Several organizations adopted a “put up or shut up” policy. The World Inventors Exposition in Los Angeles offered a $1000 reward for a saucer “in the next five days.” The Athletic Round Table, of Spokane, Washington, also offered $1000. A man in Chicago would pay $3000 for physical evidence. To which a Chicago paper replied: “A flying saucer in the hand was worth $3000 today, but those seen in the sky were still a dime a dozen.”

“Hoaxters and practical jokers made matters even worse,” wrote Ted Bloecher. “A number of financial rewards were offered by various individuals and organizations for the capture of a disk; these merely encouraged hoaxters and resulted in the exploitation of many false reports.”

Tuesday, July 8, 1947
The San Diego Evening Tribune-Sun reported that in the previous week there had been sightings in most of the 48 states, in Canada, and in Mexico. One of the few states that had no reports: Kansas — because, a wag boasted, “we’re a dry state.”

The story also claimed that “the Army Air and Ground Forces announced they were investigating the reported cloud-hopping disks with an open mind. But privately, high-ranking Army officers said they believed the saucers were a hoax, and some persons were the victims of hysteria.”

The Army also said that it was “significant that none of the disks had yet registered on Army radar.”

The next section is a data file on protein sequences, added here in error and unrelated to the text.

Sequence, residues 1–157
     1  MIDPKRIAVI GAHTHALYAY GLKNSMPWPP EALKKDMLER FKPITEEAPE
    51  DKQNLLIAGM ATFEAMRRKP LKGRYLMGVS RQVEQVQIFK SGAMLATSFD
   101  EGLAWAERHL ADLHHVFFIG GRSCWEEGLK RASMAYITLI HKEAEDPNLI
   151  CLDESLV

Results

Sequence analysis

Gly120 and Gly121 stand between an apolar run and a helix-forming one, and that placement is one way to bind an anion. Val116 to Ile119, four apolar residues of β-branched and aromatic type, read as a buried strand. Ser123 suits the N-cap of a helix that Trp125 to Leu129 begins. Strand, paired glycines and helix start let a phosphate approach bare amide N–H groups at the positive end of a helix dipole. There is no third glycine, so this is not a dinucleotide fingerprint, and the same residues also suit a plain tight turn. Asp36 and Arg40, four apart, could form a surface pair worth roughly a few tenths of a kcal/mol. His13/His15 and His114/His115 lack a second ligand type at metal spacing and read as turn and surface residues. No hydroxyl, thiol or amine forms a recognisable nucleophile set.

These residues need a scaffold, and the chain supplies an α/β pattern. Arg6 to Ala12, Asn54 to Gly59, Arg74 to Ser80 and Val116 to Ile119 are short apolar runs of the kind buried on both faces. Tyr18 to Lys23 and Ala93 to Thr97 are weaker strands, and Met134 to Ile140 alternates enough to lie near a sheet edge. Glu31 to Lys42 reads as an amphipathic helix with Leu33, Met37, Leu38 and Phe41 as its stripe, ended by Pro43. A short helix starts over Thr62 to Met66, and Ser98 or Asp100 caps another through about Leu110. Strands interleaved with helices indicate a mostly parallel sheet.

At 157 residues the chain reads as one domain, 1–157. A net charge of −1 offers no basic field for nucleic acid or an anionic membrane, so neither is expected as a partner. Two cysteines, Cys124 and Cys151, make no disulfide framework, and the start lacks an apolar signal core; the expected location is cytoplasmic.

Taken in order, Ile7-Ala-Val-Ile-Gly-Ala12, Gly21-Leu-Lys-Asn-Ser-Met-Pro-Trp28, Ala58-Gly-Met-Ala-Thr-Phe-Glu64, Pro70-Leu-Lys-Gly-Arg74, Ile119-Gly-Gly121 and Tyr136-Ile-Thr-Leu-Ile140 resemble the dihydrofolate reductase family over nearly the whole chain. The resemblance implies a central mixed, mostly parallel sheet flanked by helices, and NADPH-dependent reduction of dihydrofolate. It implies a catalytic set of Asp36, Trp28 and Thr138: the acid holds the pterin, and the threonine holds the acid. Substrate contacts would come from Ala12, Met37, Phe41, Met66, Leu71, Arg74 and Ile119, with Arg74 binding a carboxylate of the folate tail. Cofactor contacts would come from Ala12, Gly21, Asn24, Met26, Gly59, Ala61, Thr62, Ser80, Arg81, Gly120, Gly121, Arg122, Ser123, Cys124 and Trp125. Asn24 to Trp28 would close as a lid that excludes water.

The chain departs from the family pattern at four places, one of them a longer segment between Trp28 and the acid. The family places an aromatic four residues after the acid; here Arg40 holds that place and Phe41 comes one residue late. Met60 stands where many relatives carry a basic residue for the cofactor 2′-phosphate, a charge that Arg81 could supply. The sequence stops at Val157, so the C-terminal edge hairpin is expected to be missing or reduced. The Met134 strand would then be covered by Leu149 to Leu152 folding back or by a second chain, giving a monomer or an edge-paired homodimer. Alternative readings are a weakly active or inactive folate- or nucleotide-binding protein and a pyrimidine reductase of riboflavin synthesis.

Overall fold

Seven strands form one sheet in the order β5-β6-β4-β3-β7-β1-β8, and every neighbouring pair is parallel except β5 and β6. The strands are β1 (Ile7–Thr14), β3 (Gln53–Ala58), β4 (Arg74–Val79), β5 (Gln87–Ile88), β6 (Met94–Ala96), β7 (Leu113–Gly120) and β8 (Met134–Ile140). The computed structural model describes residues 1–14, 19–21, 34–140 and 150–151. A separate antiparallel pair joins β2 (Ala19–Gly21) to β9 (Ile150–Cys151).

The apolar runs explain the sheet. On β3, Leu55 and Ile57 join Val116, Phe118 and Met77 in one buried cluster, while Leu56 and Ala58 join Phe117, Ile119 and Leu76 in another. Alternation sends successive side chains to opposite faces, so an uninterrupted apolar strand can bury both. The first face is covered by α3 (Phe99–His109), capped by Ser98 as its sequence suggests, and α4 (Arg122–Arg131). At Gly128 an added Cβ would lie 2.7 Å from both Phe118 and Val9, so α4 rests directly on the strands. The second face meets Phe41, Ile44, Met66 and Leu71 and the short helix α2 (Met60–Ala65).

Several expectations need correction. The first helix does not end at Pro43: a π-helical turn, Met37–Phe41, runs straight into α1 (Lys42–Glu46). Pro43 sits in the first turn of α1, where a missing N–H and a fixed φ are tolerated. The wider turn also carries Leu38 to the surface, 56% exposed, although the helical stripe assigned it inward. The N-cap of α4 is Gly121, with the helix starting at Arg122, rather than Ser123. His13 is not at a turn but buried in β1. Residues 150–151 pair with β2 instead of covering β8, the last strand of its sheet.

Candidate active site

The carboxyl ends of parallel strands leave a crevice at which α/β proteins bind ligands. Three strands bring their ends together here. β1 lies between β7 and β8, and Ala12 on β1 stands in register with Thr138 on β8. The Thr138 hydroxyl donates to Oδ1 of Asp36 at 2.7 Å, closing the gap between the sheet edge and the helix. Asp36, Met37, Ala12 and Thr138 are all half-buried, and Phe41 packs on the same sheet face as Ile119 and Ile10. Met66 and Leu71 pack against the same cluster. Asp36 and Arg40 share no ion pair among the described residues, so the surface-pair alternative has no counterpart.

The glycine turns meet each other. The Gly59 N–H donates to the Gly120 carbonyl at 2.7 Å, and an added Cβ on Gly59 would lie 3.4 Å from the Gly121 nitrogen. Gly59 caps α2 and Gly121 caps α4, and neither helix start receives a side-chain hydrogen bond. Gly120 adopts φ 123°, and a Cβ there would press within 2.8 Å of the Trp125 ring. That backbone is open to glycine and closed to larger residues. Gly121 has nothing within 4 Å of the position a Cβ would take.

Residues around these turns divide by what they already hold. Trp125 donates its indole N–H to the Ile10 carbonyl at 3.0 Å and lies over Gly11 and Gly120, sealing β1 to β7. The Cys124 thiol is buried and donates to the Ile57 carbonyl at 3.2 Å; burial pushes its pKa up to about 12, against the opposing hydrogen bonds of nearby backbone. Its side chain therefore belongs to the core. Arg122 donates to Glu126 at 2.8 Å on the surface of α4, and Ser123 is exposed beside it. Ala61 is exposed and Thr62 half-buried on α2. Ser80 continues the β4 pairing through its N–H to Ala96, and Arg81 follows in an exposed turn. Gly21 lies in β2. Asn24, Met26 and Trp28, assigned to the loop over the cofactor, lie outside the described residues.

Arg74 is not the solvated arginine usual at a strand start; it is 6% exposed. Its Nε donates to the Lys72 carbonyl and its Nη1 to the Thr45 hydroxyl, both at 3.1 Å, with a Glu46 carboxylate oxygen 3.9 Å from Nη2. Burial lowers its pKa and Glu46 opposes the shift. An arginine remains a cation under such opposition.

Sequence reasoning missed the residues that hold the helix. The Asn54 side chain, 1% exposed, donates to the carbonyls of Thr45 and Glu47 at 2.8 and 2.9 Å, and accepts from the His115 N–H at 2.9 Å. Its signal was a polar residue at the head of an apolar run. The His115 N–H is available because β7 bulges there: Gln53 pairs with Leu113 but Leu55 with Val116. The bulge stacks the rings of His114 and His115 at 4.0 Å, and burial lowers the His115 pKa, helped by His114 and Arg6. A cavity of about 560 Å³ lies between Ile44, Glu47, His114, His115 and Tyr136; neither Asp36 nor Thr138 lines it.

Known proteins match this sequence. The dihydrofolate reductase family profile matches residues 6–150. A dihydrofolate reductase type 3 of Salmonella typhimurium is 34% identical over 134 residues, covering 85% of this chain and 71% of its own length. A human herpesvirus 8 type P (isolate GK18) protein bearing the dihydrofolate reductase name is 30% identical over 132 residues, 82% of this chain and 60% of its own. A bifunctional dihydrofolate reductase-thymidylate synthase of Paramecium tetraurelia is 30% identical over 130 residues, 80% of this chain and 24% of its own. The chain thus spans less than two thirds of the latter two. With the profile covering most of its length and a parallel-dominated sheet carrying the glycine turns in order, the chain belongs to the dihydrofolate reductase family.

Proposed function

But beginning on July 1, trackers at the Roswell Army Air Force base had been following an unidentified blip. It puzzled them because it did things no known — or even experimental — plane could do. Trackers paid special attention because Roswell’s 509th was the only base in America with the atomic bomb. On July 4, the blip disappeared somewhere north of the town.

On July 6, Mac Brazel brought samples of something that had crashed on his ranch to Roswell sheriff George Wilcox. The sheriff could not identify the strange fragments — light as a feather yet bulletproof — and phoned Major Jesse Marcel, intelligence officer of Roswell’s 509th Bomb Group. Marcel visited the site, showed the samples to Walter Haut, the 509th’s press agent, and that afternoon Haut sent a press release to the wire services. The Roswell Daily Record broke the story: “RAAF CAPTURES FLYING SAUCER ON RANCH IN ROSWELL REGION.”

Next time: The Rise of Ridicule.


  1. Detroit meteorologist (quoted in the Tribune-Sun): “Flying disks may be signals from Mars…. I admit it’s an unusual theory, but have you got a better one?”
  2. Wen-Gwang, Bang, Chinese Academy of Science (in Berliner): “In this field, prejudice will take you farther from the truth than ignorance.”
  3. Donald Keyhoe: “The more I learned about flying saucers, the less I knew.”

Berliner, Don, UFO Briefing Document, New York, 1995.

Bloecher, Ted, Report on the UFO Wave of 1947, NICAP, 1967.

Keyhoe, Donald, The Flying Saucers Are Real, New York, 1950.

McAndrew, Captain James, The Roswell Report: Case Closed, U.S. Government Printing Office, 1997.

Ruppelt, Edward J., The Report on Unidentified Flying Objects, New York, 1956.

Vallee, Jacques, UFO’s in Space: Anatomy of a Phenomenon, New York, 1965.

Project 1947, “UFO Reports,” project1947.com.

Articles in various newspapers.

Read more: Part 1 | Part 2 | Part 4